November 18, 2012
manual on-camera bounce flash
With the response to the article on bounce flash photography at wedding receptions, I thought it would be good to continue the topic. While I prefer TTL flash when I use bounce flash, there are times when I do use my on-camera flash in manual exposure mode when I bounce it.
Julie & Kenny’s wedding, at the Laurita Winery, NJ, proved to be a bit of a challenge with the reception. The reception area was in the winery which had a beautiful interior … but it wasn’t white. Bounce flash was a touch more difficult than usual here …
July 12, 2011
Sydney & Paul – their wedding day – photo & video fusion clip
This idea of blending photographs and video snippets from a wedding, into a fusion clip, still fascinates me. In a 5 to 6 minute clip you’re able to give a nicely condensed view of the wedding day. Combining the photos and video in a sensible way that visually makes sense, takes time however. And Jessica and I are still on the learning curve. (Is it even possible to really get to to the top of things these days with the rapidly accelerated pace of digital photography?) Anyway, I love the results so far!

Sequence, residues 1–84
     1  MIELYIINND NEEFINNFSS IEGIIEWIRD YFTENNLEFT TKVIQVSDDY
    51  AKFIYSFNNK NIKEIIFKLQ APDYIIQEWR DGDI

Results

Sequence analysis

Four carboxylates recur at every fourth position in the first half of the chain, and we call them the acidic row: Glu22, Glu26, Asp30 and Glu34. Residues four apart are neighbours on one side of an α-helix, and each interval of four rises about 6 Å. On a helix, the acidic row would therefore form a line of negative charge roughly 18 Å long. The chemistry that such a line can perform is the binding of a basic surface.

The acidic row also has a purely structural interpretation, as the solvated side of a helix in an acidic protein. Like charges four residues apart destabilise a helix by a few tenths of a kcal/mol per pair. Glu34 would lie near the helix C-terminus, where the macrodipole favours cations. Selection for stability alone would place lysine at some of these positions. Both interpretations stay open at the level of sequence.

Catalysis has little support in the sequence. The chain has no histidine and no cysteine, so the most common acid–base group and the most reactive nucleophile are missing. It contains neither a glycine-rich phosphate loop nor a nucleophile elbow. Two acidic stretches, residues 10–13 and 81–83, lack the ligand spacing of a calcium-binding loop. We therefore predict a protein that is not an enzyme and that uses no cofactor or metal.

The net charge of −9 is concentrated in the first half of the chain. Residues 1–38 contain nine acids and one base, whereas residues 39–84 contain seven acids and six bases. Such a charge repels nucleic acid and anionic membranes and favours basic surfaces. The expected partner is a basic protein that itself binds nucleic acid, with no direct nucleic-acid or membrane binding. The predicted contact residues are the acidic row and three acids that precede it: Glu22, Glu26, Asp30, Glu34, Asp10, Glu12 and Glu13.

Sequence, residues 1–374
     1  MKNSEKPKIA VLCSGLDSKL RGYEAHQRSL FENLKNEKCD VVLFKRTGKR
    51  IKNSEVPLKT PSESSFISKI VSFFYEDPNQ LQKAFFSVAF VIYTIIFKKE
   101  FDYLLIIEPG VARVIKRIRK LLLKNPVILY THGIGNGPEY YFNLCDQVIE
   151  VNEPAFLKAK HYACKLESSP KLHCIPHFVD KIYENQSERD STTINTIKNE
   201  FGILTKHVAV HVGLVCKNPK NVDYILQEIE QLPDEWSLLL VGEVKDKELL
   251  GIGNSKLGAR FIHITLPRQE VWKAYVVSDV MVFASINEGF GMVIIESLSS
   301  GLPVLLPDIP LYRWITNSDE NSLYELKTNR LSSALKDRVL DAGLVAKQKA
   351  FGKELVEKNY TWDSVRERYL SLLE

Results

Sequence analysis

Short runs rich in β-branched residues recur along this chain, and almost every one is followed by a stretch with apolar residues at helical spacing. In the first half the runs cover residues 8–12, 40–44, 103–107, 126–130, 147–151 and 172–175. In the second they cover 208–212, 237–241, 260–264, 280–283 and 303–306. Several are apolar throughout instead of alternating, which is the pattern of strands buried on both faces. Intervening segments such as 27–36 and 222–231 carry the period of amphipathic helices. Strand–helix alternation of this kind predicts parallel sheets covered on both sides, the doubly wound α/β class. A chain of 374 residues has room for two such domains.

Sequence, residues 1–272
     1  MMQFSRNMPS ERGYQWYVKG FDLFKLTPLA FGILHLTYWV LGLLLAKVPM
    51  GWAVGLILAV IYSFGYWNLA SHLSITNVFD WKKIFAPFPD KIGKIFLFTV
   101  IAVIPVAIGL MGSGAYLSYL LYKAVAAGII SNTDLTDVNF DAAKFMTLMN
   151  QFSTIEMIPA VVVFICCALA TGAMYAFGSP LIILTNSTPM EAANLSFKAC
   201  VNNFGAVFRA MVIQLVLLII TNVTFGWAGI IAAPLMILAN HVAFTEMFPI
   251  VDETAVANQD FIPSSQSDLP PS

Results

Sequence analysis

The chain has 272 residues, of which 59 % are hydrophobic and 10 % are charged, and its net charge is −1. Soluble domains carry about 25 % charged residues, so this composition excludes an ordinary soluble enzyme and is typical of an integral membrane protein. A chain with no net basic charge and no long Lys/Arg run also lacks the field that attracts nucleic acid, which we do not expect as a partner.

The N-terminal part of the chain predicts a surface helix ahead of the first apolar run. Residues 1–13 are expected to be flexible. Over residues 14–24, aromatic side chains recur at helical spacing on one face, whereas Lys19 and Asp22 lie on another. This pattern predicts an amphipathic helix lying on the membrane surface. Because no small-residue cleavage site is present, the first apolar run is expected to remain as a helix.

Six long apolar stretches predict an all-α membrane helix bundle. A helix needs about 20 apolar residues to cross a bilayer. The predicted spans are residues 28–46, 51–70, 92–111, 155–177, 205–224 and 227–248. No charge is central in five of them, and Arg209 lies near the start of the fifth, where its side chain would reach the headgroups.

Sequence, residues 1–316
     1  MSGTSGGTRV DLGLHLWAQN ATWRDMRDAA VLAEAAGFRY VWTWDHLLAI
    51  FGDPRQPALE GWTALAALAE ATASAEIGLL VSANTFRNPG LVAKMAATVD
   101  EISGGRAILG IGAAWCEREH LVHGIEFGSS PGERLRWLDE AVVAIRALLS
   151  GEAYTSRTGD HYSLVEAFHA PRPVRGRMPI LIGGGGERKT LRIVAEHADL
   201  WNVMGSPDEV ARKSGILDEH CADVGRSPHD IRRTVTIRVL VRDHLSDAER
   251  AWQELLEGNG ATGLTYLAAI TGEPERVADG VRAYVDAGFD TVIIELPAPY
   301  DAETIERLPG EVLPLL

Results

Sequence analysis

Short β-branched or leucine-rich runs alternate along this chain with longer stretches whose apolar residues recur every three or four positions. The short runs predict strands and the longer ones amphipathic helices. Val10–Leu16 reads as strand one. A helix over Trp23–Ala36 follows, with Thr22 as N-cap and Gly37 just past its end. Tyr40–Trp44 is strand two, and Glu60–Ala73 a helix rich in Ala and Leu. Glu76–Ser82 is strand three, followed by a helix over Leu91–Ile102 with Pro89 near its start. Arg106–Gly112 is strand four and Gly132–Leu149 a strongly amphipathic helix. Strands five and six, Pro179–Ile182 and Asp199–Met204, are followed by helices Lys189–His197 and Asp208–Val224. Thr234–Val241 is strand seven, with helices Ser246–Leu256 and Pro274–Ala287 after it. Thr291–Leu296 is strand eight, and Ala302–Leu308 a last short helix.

So here it is – the latest fusion clip of a wedding I photographed,
with Jessica shooting & editing the video.
The music track is a royalty-free track provided via Triple Scoop Music.
July 5, 2011
wedding photography – light, lighting, posing & direction - making the decisions
The title of this article is quite ambitious. To cover all of that, it would be a 50,000 word book. But in editing this wedding at the moment, I noticed this photograph, and I love the look of it. So in the context of that one single image, let’s look how it all came together. While the photograph itself isn’t complicated, a lot of quick decisions went into making this image work … and easy to edit. A number of things had to be considered, but instead of being overwhelmed by juggling all the decisions and thought-processes simultaneously, there’s a way to break it all down to simple elements which will help the photo session come together naturally.
Now even if you’re not that interested in wedding photography per se, hang in for a while, for the thinking here is applicable to just about any other field of photography …